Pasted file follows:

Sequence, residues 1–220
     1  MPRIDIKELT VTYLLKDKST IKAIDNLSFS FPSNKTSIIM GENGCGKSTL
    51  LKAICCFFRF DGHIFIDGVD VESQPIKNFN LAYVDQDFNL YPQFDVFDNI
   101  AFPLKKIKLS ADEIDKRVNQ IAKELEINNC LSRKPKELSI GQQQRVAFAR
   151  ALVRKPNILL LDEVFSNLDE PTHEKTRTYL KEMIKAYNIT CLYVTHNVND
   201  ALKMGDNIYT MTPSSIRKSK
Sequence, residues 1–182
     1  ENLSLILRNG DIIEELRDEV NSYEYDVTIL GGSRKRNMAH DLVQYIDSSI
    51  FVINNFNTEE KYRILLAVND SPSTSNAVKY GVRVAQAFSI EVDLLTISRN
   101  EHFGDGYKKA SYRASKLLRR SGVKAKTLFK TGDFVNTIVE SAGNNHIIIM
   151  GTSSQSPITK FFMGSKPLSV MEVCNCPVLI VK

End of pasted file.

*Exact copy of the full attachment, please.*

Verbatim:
Sequence, residues 1–220
     1  MPRIDIKELT VTYLLKDKST IKAIDNLSFS FPSNKTSIIM GENGCGKSTL
    51  LKAICCFFRF DGHIFIDGVD VESQPIKNFN LAYVDQDFNL YPQFDVFDNI
   101  AFPLKKIKLS ADEIDKRVNQ IAKELEINNC LSRKPKELSI GQQQRVAFAR
   151  ALVRKPNILL LDEVFSNLDE PTHEKTRTYL KEMIKAYNIT CLYVTHNVND
   201  ALKMGDNIYT MTPSSIRKSK
Sequence, residues 1–182
     1  ENLSLILRNG DIIEELRDEV NSYEYDVTIL GGSRKRNMAH DLVQYIDSSI
    51  FVINNFNTEE KYRILLAVND SPSTSNAVKY GVRVAQAFSI EVDLLTISRN
   101  EHFGDGYKKA SYRASKLLRR SGVKAKTLFK TGDFVNTIVE SAGNNHIIIM
   151  GTSSQSPITK FFMGSKPLSV MEVCNCPVLI VK